Colorless Quartz with Tourmaline inclusion
s, often as thin long black crystals, is known as "Tourmalinated Quartz".
Cat's Eye Quartz
Cat's Eye Quartz is Quartz with dense, tiny Rutile inclusion
s that cause a cat's eye effect
. It is not common, and the chatoyant
effect is usually weak. Cat's Eye Quartz is usually grayish in color and translucent.
All forms of Quartz are used as gemstones, and they are all affordable. They are cut into various gemstone cuts and cabochon
s, and used in all forms of jewelry. Lesser quality stones are often tumbled
for use in bracelets, necklaces, and as costume jewelery. Large spheres and carvings are also cut from all the Quartz forms. Due to its abundance and lack of luster, Rock Crystal
is not commonly cut into gemstones, although some very large spheres and sculptures are carved from it. Small crystals of Rock Crystal are sometime worn as pendant
s, sometimes being polished and smoothed, and sometimes in their entirely natural crystal form.
Purple variety of Quartz, and its most popular and valuable gemstone variety. (See the Amethyst gemstone page for more details.) Tumbled Amethyst with white Milky Quartz is sometimes known as Amethyst Quartz.
A rare multicolored variety of Quartz with purple and yellow highlights, essentially a combination of Amethyst and Citrine in a single stone. (See the Ametrine gemstone page for more details.)
Opaque, compact Quartz / Chalcedony containing small
Mica, Hematite, or Goethite scales which cause a glistening
effect. Aventurine is most often green but may also be other colors such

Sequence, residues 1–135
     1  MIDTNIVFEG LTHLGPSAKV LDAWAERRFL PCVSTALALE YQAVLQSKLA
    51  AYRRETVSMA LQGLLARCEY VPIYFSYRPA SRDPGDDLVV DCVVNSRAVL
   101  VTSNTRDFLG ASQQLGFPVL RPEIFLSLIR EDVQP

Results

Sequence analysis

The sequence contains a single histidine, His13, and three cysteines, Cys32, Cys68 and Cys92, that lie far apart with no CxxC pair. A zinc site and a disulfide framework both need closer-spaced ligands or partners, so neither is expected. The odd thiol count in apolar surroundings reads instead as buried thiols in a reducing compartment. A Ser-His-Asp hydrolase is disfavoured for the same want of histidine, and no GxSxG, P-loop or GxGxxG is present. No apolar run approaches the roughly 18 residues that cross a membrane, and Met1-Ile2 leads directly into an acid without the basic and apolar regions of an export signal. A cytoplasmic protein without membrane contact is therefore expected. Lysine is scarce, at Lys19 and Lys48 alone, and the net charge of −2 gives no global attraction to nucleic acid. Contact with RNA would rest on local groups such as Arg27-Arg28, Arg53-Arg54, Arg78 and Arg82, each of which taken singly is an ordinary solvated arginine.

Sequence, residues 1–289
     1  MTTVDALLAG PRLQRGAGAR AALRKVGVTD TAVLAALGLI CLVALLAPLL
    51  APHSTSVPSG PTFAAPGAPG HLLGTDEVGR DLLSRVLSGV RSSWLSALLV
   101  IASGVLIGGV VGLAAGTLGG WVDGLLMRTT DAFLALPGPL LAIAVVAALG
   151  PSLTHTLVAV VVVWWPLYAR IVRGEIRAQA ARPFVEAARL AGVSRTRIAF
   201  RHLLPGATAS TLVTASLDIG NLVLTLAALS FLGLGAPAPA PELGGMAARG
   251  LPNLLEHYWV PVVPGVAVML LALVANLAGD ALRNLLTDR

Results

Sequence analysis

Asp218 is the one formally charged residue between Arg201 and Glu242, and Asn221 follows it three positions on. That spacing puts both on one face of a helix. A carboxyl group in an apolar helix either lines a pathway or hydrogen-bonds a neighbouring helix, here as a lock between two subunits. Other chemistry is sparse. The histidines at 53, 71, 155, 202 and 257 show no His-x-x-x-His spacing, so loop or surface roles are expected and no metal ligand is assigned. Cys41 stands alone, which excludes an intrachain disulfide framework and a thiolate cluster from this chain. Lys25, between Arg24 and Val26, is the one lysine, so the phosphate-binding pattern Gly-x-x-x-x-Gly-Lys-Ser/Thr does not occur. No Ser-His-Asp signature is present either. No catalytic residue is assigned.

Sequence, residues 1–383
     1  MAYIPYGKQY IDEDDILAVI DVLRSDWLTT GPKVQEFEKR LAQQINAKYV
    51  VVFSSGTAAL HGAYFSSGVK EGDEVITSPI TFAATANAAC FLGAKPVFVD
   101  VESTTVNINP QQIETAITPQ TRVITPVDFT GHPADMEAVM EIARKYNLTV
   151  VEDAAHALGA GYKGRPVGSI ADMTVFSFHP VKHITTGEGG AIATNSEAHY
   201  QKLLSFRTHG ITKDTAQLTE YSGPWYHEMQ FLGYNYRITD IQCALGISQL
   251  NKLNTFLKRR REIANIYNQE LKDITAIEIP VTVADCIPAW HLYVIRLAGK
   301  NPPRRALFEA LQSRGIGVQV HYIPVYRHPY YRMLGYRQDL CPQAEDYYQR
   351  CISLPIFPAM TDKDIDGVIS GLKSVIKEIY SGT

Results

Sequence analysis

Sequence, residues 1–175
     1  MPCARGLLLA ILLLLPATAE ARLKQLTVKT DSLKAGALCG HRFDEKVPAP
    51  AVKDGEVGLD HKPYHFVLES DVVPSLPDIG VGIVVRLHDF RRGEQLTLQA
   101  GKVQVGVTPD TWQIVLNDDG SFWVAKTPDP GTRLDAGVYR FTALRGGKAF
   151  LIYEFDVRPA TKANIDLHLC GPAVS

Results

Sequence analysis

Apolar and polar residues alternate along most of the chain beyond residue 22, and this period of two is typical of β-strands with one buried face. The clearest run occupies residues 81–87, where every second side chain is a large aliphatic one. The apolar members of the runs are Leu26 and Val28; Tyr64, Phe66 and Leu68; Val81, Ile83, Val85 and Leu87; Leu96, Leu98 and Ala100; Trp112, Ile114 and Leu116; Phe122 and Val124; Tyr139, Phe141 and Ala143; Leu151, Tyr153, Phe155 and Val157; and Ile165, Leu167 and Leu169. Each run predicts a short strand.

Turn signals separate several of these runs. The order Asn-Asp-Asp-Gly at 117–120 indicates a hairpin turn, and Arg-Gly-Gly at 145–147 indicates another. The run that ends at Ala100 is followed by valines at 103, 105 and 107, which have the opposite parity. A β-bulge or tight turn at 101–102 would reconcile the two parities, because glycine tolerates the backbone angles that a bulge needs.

as gray, orange, and brown.
Rare natural blue variety of Quartz. It is caused by inclusions of blue minerals, especially Dumortierite. Most "Blue Quartz" is what is popularly known
as "Aqua Aura", essentially clear Rock Crystal synthetically
irradiated with gold to form a deep sky blue color. Blue Quartz may
also refer to a dull grayish-blue Quartz in massive form with Crocidolite inclusions.
Cat's Eye Quartz
Quartz with dense, tiny Rutile inclusions that cause a cat's eye effect. Cat's Eye Quartz is not common, and the chatoyant effect is usually weak. Cat's Eye Quartz is usually grayish in color and translucent.
The yellow, orange, or reddish-brown variety of Quartz. Its color is usually created by heat treatment of Amethyst or Smoky Quartz. (See the Citrine gemstone page for more details.)
Lemon Quartz is a light to dark yellow Citrine, distinguished
from most Citrine by lacking orange, brown, or reddish tints. More often though it is clear Quartz that is irradiated to produce an intensely colored yellow gemstone. Lemon
Quartz has recently experienced a popularity increase in the gemstone
White, translucent to opaque variety of Quartz. It is not commonly used as a gemstone.